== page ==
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Fighting in front of the kids -- harmful or helpful?

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  • Fighting in front of the kids -- harmful or helpful?

    Is it harmful for couples to fight in front of the kids? Does it provide a helpful role model to witness disagreements then recovery or is it too scary for the kids who are young? At what point should fighting and arguing be done behind closed doors?

  • #2
    Good question...depends on the extent of the fighting, I think. Loud and dramatic? Mean-spirited? Physical? NCV-style? Respectful disagreement, or downright scary? Children should see examples of marital conflict and resolution...but healthy examples; appropriate. What is 'healthy' and 'appropriate', though, right?

    I think it also depends on what the fight is Driving habits? Brand of toilet paper? Or something that directly involves the children? My hope is that families put at least some thought into how they handle marital fighting; to be aware of how their personal "style" may affect their kids.

    I know what arguments I'm OK with my kids witnessing; I know when it's time to go behind closed doors.


    • #3
      fighting - to see or not to see

      I agree with Kelly's post in that there is a range and the answer isn't rigid.
      I've met with adults who grew up never seeing their parents disagree, let alone argue. Some of those folks grew up to be terrified and expect to be left if voices were raised. They were deprived of the model for how to manage and resolve conflict.
      I grew up in a household with lots of love, AND with outbusts of anger. Although I learned to cope and to see it as "normal" it took a toll, because as a small child I the anger frightened me terribly. i did what children do and I adapted, but some of that "on-guardedness" continues to live inside me!
      I would love all parents to have a method of expression (I like the Imago Dialogue) to provide them with a means to work through the challenges of being in a relationship with "an other" that preserves the dignity of each, even in the face of differing perspectives, and allows for the respectful resolution of inevitable disagreements.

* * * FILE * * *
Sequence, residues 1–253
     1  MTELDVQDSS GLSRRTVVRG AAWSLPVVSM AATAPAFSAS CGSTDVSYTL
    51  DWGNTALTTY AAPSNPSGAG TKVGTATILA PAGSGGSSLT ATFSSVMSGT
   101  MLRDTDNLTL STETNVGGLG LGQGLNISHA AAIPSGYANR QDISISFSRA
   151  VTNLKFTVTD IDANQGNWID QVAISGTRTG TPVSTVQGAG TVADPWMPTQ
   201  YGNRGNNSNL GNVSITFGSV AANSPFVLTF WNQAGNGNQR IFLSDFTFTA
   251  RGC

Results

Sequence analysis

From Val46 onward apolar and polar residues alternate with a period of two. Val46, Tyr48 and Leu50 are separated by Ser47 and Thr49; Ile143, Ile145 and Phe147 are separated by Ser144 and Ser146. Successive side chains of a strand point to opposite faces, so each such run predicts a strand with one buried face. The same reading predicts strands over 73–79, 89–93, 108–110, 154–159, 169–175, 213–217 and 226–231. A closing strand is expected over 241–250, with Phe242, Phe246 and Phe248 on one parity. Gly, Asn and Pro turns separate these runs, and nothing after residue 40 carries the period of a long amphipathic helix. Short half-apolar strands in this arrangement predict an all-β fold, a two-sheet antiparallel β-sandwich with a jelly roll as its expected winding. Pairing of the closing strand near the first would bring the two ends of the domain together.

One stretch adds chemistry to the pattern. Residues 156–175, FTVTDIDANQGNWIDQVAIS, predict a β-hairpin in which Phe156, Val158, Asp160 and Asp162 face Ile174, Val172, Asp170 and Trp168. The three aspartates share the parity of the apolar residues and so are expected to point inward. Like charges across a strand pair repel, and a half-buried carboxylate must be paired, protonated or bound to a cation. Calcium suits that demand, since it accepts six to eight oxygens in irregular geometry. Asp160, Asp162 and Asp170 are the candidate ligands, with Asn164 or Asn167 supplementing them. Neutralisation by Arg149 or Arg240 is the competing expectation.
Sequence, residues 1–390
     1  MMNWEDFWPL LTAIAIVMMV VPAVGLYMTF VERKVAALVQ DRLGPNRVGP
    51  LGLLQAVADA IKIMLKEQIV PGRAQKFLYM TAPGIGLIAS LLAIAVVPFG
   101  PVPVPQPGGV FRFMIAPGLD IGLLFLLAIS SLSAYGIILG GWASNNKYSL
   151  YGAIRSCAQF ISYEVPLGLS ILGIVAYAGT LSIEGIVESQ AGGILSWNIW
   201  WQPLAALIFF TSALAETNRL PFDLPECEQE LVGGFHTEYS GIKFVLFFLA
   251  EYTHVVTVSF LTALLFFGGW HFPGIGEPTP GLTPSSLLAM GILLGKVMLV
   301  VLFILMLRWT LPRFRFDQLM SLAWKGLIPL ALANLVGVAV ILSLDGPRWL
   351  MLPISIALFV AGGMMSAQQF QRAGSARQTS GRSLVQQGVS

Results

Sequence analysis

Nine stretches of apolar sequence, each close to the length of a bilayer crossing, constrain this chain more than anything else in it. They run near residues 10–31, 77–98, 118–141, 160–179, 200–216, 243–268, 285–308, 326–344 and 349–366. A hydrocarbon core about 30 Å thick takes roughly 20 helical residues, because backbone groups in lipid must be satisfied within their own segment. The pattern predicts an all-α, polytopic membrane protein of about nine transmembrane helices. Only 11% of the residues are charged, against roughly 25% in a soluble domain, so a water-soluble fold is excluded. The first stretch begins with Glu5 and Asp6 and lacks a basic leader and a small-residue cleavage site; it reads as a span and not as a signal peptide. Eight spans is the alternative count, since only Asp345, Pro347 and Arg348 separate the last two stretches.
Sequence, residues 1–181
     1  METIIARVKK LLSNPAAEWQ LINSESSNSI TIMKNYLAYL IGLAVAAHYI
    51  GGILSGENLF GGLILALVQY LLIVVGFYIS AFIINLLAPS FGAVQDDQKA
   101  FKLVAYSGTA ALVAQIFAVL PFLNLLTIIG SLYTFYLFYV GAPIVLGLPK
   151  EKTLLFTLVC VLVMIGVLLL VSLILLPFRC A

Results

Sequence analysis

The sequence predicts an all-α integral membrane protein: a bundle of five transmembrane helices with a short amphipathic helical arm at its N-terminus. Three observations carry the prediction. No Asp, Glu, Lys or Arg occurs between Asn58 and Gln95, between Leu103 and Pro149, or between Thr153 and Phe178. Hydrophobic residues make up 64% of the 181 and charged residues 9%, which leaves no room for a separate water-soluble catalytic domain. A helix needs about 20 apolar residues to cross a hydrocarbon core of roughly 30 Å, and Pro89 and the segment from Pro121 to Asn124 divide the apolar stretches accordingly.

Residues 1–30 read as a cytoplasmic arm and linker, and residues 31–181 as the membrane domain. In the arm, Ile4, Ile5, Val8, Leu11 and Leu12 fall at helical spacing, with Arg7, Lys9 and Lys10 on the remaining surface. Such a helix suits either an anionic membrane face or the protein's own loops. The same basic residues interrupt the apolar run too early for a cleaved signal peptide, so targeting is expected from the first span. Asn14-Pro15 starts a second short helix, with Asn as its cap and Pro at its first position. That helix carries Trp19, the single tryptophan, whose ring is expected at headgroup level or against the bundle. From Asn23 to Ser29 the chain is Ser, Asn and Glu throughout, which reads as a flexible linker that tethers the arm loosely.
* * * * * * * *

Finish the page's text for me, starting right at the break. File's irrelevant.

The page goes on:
When that is lacking and we act out with anger, blame and criticism, the interchanges that ensue can frighten and wound children, and effect them for the rest of their relational lives.
      That said, this IS the human condition! Our brains are wired to protect and defend against perceived threat, and as small children we are affected and we are also resilient! There IS NO WAY TO DO IT PERFECTLY and I think it is important to know that and forgive ourselves, our parents and one another...



      • #4
        in front of the kids

        Originally posted by green1706
        Helpful for what? To create and raise children with violent characters? I am in total disagreement with parents arguing in front of children.
        I agree that intense or violent fights can be frightening for kids to witness. It IS of value for children to see their parents resolve conflicts in respectful ways. It's interesting how some people who grew up without ever witnessing an arguement feel disproportionately threatened by any disagreement and think it means the end of their relationship! Parents need to build skills for maintaining respect at the same time they are in disagreement - to demonstrate that there is actually room for two people (which means two viewpoints) in the relationship. The Imago dialogue process - Mirroring, Validating and Empathizing -can provide a helpful stucture.
        Marcia Ferstenfeld
        Imago Relationship Therapist


        • #5
          I guess it depends on what you mean by argument. Is this an argument?

          Mom: Okay, I'm off to my massage appointment.

          Dad: What? You can't get a massage, I need you to be at my company party.

          Mom: But I already made the appointment. I thought your party was next week.

          Dad: No, it's tonight.

          Mom: Alright, I'll see if I can reschedule.

          If so then I think it's important for kids to see arguments and have an example for how to resolve them in a peaceful way. But as far as yelling and name calling goes, no, I think it's best to just not do that at all. If you do it away from your kids chances are that eventually you'll slip up and do it in front of them.